For many preachers of this theory “natural condition” was a philosophical dogma or, as Golbach said, fiction. But this fiction helped ideologists of bourgeoisie to criticize pre-capitalistic social and political regime and to prophecy the victory of bourgeoisie. “In this society… - wrote Marx – an individual is free from natural bonds, etc., that in the past made him belong to a certain limited human community.”
Theorists of natural law consider state as a result of a juridical act – Treaty of the society, of people’s free will.
The idea of natural law and treaty state origins can be found in Greek and Roman philosophy and works, and in the works of feudalism scholars in middle ages. But in 17 – 18 centuries these ideas became more developed with some peculiar features, because they lose theological context common for medieval scholars, and naïve naturalism of ancient ones, because some of them considered animals as subjects of law. But the main thing is that a theory of international law of the 17 – 18 centuries had different class’ essence. It expressed strong demands of bourgeoisie, struggling hard for on its way to power.
The views on the contents of the Treaty were also different. Hobbes calls a treaty via people an act by which all population loses all natural freedom and rights in monarch’s favour and permit him an unlimited power upon them. Loch thought that an individual who enters this society via treaty loses his rights only partly (right for self-help, self-defense when something is threatening his natural rights), in favour of the other part: private property and freedom. Golbach defined the Treaty of the society as a bundle of conditions necessary for organizing and saving society. Denny Didreau thought of the Treaty of the society a bit differently. “People, – he wrote, – quickly understood that if they continued using their freedom, their power, their independence… then the situation of every single person would be even more miserable, than that if he lived separately; they realized that every person has to sacrifice a part of his natural independence and to submit to will, that would be the will of the whole society and would be, so to say, common center and a point of unification of all their wills and powers. That is the origin of rulers.”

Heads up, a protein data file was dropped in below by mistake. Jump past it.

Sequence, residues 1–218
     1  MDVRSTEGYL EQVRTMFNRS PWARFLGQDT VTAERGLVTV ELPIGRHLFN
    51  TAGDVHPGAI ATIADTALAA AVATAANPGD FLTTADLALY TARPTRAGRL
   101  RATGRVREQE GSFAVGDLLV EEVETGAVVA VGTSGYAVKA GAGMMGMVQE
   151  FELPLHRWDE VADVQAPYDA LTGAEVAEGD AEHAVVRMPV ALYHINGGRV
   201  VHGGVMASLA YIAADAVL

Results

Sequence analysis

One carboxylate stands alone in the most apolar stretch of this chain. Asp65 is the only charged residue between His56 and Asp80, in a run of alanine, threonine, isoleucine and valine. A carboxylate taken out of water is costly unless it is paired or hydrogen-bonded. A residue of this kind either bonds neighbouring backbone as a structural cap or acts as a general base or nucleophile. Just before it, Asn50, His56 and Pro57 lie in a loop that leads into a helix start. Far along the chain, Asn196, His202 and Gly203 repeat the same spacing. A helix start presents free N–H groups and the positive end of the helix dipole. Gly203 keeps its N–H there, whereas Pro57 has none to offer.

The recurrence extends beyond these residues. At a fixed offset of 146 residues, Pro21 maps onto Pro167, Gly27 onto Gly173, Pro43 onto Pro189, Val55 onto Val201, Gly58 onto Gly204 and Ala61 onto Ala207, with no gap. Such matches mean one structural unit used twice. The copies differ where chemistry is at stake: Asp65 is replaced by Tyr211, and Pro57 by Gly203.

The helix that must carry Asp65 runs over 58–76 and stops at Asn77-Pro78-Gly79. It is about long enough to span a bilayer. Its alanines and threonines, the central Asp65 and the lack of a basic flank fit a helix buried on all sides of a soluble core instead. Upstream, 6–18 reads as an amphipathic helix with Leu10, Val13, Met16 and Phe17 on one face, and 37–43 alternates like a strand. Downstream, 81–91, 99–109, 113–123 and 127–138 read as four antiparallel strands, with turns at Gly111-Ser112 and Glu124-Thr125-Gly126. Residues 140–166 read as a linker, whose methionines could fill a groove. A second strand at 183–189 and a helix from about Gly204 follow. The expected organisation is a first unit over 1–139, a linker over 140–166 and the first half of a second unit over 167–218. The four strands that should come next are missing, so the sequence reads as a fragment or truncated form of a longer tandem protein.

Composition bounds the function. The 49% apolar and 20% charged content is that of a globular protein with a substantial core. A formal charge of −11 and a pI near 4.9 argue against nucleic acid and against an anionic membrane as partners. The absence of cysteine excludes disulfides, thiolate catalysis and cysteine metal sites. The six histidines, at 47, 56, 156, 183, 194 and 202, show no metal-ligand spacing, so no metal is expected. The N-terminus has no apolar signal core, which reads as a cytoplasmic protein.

There is no need to say about theoretical unsoundness of this concept of the school of natural law. Even in the 18 century some bourgeois philosophers found the antihistorical essence of these views. For example, Jum says that natural condition is a fiction of the philosophers. State emerges not as a result of a treaty but historically. Some also said that people could not invent a term “state”, not knowing the practice. The first Russian law professor Semen Jefimovitch Desnitskiy abruptly criticized “natural law” and mostly Pouffendorf. “The works of Pouffendorf – he said – was unnecessary, because writing of states of humankind that had never existed, is a very unworthy deed.”
It is important to show which natural conditions were the soil for such an illusion of natural state and treaty state origins, and to show the role and importance of this idea in the class struggle of that time.
Marx said that the individual who enters the society union via treaty, as seen by theorists of the school of natural law, is a result of descended feudal society forms and developed in the 16-century new productive powers. A great mistake of natural law theorists was that in their opinion individual has not developed historically, but set up by nature itself. Features common for bourgeoisie were proclaimed as common for mankind.
Реферат опубликован: 27/02/2010